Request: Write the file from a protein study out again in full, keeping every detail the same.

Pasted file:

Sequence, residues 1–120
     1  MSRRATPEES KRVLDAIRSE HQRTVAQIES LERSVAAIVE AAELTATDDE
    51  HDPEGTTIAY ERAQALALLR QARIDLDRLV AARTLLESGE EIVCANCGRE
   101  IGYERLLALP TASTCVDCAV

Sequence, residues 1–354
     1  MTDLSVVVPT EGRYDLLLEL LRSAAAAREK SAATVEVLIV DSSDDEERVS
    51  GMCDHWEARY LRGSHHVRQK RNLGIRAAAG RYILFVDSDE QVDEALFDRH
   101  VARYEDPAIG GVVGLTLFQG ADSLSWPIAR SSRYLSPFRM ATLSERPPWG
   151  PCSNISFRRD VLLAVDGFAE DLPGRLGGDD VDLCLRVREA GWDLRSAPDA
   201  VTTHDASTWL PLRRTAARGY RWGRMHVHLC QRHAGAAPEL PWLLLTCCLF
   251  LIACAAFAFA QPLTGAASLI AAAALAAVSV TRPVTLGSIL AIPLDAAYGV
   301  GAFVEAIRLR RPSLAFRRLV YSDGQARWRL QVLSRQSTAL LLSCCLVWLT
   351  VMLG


Sequence, residues 1–120
     1  MSRRATPEES KRVLDAIRSE HQRTVAQIES LERSVAAIVE AAELTATDDE
    51  HDPEGTTIAY ERAQALALLR QARIDLDRLV AARTLLESGE EIVCANCGRE
   101  IGYERLLALP TASTCVDCAV

Sequence, residues 1–354
     1  MTDLSVVVPT EGRYDLLLEL LRSAAAAREK SAATVEVLIV DSSDDEERVS
    51  GMCDHWEARY LRGSHHVRQK RNLGIRAAAG RYILFVDSDE QVDEALFDRH
   101  VARYEDPAIG GVVGLTLFQG ADSLSWPIAR SSRYLSPFRM ATLSERPPWG
   151  PCSNISFRRD VLLAVDGFAE DLPGRLGGDD VDLCLRVREA GWDLRSAPDA
   201  VTTHDASTWL PLRRTAARGY RWGRMHVHLC QRHAGAAPEL PWLLLTCCLF
   251  LIACAAFAFA QPLTGAASLI AAAALAAVSV TRPVTLGSIL AIPLDAAYGV
   301  GAFVEAIRLR RPSLAFRRLV YSDGQARWRL QVLSRQSTAL LLSCCLVWLT
   351  VMLG